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Babies; like adults, but better! June in Jalova!

Article by Zaytoen Domingo

Zaytoen Domingo

Posted: July 16, 2019

Welcome once again to the Jalova Blog, this time chronicling our adventures during June! June has historically always been one of my favourite months for many reasons and this includes things like the summer equinox and how it’s the time of year when it becomes more socially acceptable to sit in a field and drink cans of warm cider. Now I’m living in Jalova, many things have changed in my life but my enjoyment of June certainly hasn’t diminished, if anything it has grown exponentially!

June in the jungle is a time when all of the animals are very busy making nests in precarious places or crawling onto a midnight beach to face rosetted adversity. Essentially, it’s time for babies, which are like the adults but better. Just talking about base, many different species have turned up in tiny form. One such highlight was the Rufous-tailed Hummingbird and her tiny nest built in a very inconvenient place. This particular female decided that the best place for her nest was right above a very busy pathway through base, causing some traffic issues. Due to the fact that it was at head height and she sat in it every day we had to re-route that pathway by blocking it off with a big stick. This meant that all the field team had to travel through a bush just to get from one side of base to the other and this carried on for three whole weeks. The animosity only increased because rufous-tailed hummingbirds are known to be aggressive (albeit to other hummingbirds) and you would be surprised at the amount of anger that can fit inside such a small package! However, all of this was forgotten during the third week when the eggs hatched, and two tiny beaks started peeking out over the edge of the nest, cute enough to melt the coldest heart.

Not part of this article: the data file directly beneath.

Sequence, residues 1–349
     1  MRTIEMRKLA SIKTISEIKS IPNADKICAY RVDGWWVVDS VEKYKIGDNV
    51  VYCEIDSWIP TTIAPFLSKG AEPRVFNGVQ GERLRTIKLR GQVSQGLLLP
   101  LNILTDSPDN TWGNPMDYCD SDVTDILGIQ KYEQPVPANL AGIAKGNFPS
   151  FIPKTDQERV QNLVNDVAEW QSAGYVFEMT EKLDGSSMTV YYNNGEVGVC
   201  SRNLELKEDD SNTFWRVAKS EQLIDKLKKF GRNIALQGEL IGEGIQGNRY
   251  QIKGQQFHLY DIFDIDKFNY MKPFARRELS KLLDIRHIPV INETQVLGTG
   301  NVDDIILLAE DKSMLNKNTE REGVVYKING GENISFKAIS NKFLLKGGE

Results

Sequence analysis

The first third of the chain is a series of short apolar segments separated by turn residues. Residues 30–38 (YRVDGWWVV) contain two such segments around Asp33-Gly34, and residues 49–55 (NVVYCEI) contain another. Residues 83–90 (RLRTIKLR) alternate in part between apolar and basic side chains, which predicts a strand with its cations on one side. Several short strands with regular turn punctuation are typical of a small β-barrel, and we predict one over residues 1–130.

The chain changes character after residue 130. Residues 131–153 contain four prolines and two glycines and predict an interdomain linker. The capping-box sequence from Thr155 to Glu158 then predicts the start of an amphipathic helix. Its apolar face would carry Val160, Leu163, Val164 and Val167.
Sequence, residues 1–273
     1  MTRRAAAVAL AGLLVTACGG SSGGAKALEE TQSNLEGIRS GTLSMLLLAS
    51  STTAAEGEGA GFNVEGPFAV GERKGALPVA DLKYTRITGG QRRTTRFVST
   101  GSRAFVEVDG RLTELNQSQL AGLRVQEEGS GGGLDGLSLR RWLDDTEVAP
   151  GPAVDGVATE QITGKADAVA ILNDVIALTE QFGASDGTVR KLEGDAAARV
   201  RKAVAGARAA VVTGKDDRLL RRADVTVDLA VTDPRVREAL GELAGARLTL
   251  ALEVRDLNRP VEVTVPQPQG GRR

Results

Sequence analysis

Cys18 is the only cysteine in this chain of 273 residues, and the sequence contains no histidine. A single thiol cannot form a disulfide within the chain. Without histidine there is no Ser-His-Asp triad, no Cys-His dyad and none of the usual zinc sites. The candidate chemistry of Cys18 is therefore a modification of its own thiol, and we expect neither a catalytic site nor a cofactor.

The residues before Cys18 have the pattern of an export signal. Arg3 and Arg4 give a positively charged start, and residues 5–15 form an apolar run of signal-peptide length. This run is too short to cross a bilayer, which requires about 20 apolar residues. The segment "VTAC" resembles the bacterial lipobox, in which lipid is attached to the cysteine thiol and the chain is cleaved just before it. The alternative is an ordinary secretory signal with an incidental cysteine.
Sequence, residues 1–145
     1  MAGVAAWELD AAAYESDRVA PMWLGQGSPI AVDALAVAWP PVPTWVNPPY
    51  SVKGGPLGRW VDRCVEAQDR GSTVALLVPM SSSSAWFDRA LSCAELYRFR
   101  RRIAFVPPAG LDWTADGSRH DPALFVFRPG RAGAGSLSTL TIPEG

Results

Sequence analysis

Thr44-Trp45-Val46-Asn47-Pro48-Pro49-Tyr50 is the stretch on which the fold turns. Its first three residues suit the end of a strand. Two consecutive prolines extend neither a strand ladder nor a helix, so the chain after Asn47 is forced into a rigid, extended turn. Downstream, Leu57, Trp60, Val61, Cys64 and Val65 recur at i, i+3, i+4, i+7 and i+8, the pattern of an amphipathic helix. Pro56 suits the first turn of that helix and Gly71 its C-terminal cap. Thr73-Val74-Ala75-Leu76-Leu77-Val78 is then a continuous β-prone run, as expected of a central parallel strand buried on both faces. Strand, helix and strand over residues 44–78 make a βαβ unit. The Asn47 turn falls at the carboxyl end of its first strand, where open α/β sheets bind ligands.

When people think about Tortuguero National Park (TNP) they often think of one thing; sea turtles. This is not surprising considering that our beach is the second biggest green turtle rookery in the world, and this month saw the first hatchlings! The Leatherback Turtles nests, which were laid earlier in the year, started to erupt this month and things got very exciting. These tiny versions of these archaic reptiles are incredibly precious as they stumble and scramble down the beach toward the sea, pushing on with all their miniature might. They normally emerge at night, but during Nest Check (a beach survey that goes out every morning at 6am) when small turtle tracks are seen, the nest is excavated. This is valuable data as we are able to know the success rates of these nests, and what sort of variables effect this success; including things like placement on the beach and percentage of eggs affected by bacteria. Often during excavations, some stragglers are found alive and they must be taken to the sea. You cannot just pick them up and launch them into the sea however, as baby turtles need to crawl along their beach of birth to properly imprint it in their mind so they are able to return here later in their lives to carry on the tradition. This means that you must let the baby crawl all the way to the sea which can be a particularly arduous task for someone so small, especially when the sun is baking down and making to sand hot to the touch. In such a case, a channel is dug to expose the cool sand and shade is provided for the turtle all the way to the sea. When the little stragglers finally make it to the sea, relief washes over everyone present like the waves wash over the turtle.